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Sunday November 18, 2012 – On Friday I had the chance to go shopping with a few other classmates. At one point we went into a department store which sold shoes, clothes, makeup and accessories, it reminded me of Winners at home in Canada. I walked passed a makeup stand that sold many common and popular makeup poducts such as L’Oreal and Lancome. I approached the stand and noticed a few different ads and one in particular that featured a picture of Aishwarya Rai. Aishwarya is a very famous Indian film actress who has won miss India and miss world titles and the media has often regarded her as the most beautiful women in the world. As a popular style and beauty icon for Indian women I was intrigued and amazed by the ad that was displayed at the beauty stand in this store (the cover images for this post). I tried to ask the three saleswomen what their thoughts were on the ad and on Aishwarya and her image but there was a bit of a language barrier. However, they did understand and begin to smile and get excited when I pointed to my own skin. They immediately showed me some makeup, foundation and powder that I could have easily mistaken for my own makeup products. It appeared that these very fair makeup products were top selling items for them as they were showcased on the counter as featured “tester” products. It felt like I was at home at my local mall, all the makeup shades were light and did not appear to reflect the darker tones of India skin. I was not allowed to take photos in the store so the girls kindly left me leave with a L’Oreal advertisement that they ripped out of a magazine.

There seems to be this light skin obsession in the media here. Most of the billboard ads that I have collected showcase young and beautiful female models with very light and fair skin. The ideals of beauty in Indian culture seem to elude to a conclusion that the lighter you are the more beautiful you are. As many Indian women are looking up to Aishwarya as a famous public image they will be drawn to purchase light makeup and skin whitening cream to achieve this image.

A shocking advertisement that many of my classmates have discussed is one billboard that features a women and half of her face is brown and the other half, the look she is trying to achieve, “the beautiful half” is white. The attempts and influence from the media to transform their skin is truly shocking. I think many of us have agreed that the local women are extremely beautiful here, their image, presence and the way they dress is very graceful and we question why they want to change their natural (dark) features.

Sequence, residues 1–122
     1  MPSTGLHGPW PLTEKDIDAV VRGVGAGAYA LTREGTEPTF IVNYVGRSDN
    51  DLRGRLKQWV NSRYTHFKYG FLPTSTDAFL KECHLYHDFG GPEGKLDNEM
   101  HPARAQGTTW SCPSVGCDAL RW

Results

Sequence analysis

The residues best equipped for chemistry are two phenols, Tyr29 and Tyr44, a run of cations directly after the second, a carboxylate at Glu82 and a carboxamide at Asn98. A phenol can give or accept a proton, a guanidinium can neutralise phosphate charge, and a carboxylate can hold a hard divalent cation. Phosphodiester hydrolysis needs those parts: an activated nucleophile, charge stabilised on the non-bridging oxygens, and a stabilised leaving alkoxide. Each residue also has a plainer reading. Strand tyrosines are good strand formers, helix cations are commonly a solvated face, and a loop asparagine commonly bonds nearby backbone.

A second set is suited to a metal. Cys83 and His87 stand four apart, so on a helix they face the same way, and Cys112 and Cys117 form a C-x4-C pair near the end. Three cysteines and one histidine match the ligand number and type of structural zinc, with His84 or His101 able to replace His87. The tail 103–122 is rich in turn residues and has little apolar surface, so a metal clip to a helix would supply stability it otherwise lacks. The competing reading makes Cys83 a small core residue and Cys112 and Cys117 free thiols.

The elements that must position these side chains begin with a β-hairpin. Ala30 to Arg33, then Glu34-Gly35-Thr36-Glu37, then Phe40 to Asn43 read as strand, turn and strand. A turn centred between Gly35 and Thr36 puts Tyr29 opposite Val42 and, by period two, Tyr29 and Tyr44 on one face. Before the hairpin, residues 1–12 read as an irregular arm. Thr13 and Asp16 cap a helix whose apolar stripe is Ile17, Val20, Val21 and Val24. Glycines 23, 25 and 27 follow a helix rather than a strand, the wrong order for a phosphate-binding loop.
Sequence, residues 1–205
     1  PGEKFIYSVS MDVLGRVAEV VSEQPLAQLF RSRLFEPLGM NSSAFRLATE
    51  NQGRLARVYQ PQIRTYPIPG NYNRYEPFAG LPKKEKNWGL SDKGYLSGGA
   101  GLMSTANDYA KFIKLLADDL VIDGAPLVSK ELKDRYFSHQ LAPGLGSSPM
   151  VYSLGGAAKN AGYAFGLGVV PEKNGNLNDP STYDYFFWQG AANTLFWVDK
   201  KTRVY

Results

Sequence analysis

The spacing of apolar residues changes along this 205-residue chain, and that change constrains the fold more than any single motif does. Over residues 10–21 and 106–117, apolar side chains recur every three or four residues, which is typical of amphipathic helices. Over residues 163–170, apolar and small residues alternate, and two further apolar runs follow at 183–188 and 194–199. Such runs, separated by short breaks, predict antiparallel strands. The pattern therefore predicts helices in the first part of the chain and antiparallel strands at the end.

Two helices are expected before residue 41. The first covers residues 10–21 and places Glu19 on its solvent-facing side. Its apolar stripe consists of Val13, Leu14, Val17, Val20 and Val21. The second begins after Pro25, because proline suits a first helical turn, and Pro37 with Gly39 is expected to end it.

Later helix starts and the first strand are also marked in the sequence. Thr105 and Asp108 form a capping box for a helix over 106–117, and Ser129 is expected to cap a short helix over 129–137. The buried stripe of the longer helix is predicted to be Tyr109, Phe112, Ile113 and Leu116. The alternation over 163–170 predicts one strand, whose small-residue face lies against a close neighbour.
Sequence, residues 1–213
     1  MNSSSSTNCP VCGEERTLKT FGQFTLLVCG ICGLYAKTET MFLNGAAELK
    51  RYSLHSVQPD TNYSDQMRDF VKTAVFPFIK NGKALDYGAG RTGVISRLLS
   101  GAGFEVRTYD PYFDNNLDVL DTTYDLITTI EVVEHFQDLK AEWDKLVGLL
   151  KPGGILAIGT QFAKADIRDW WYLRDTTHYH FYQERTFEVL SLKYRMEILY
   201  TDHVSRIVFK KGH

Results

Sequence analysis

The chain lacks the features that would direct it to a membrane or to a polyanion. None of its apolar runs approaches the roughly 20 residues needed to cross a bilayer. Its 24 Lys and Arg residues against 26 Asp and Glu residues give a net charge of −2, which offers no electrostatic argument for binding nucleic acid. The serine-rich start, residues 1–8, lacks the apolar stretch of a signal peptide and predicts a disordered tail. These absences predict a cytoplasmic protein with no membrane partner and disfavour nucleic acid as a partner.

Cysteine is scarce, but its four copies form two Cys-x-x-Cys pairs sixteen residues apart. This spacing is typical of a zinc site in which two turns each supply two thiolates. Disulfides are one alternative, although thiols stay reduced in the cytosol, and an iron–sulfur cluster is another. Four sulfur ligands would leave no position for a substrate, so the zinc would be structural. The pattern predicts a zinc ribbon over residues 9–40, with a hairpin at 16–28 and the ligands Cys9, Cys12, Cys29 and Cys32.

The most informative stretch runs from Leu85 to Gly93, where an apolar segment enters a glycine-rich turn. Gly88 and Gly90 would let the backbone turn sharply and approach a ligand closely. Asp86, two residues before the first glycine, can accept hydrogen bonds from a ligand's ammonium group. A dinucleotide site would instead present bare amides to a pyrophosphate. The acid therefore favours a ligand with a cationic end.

As I reflect on this what amazes me is the irony and the contrast between the ideals of beauty in the West vs the East. In North American culture it is all about dark skin where we will go to  extremes (tanning beds, tanning lotions, spray tan etc) to achieve a dark golden image that makes us look more “natural.”

In the slideshow above I have inserted some before and after photos of Aishwarya where you can see the transformation from dark to light as she became more famous in India and the world. It is interesting to see how dark she was as a child compared to how her skin looks now. A completely different person.

Monday November 19, 2012 – I thought I would expand on this post after the experience I had today. Some of us girls treated ourselves to a spa day here in Ahmedabad. While I was in the waiting room I was reading the spa menu (see picture below) and quickly noticed the lightning and de-tanning option on the treatment menu. I am continually astounded by the extent that the women will go to to achieve the lighter image and have to remind myself that we are doing the exact same thing at home, it seems so silly that in both cultures we are fighting to alter our natural beauty and appearance.


6 thoughts on “Aishwarya

  1. Interesting how women in the western world go to sun tanning studios, beaches and strive to have darker skin with a tan in order to look beautiful. What does this say?

  2. Hello
    I noticed the smae thing in Vietnam when I was there.
    On the beautiful beaches the few women were covered from head to toe to protect them from the sun. There we were trying to get a tan.
    Everywhere there were adverts for “white” makeup. Many of the women had white faces from bleach treatments but the skin changed colour at their necks.

    • Hi Roxanne, thank you for the comment, it is interesting you noticed that in Vietnam, i have been talking to a few of my classmates who are travelled to other Asian countries and they have noticed the same thing. I can’t seem to get over how crazy the light skin, beauty obsession is (something that I was not fully aware of until coming over her actually)

  3. I am a friend of your mom’s and I think this is a great study you are doing. It is amazing that many women seem to be focused on the things they don’t have. If we have curly hair, we want straight. If we are dark skinned, we want whiter. If we have blue eyes, we want brown. What makes us do that? Is it advertising? Societal pressures? And much more….
    Thanks for sharing your findings.

    • Hi Cindy, we do seem to be always striving for what we don’t have and the irony is so silly that different cultures try to achieve the opposite of their natural features, its like we’re fighting against each other to define “the ideal image.” I do think media and advertising has a lot to do with it which will therefore reenforce societal pressures and perceptions of beauty, here in India specifically it is the middle class women that will go to great lengths for whitening treatments as I’m assuming they are exposed to more media and also can afford the expense.
      Thanks so much for your thoughts!

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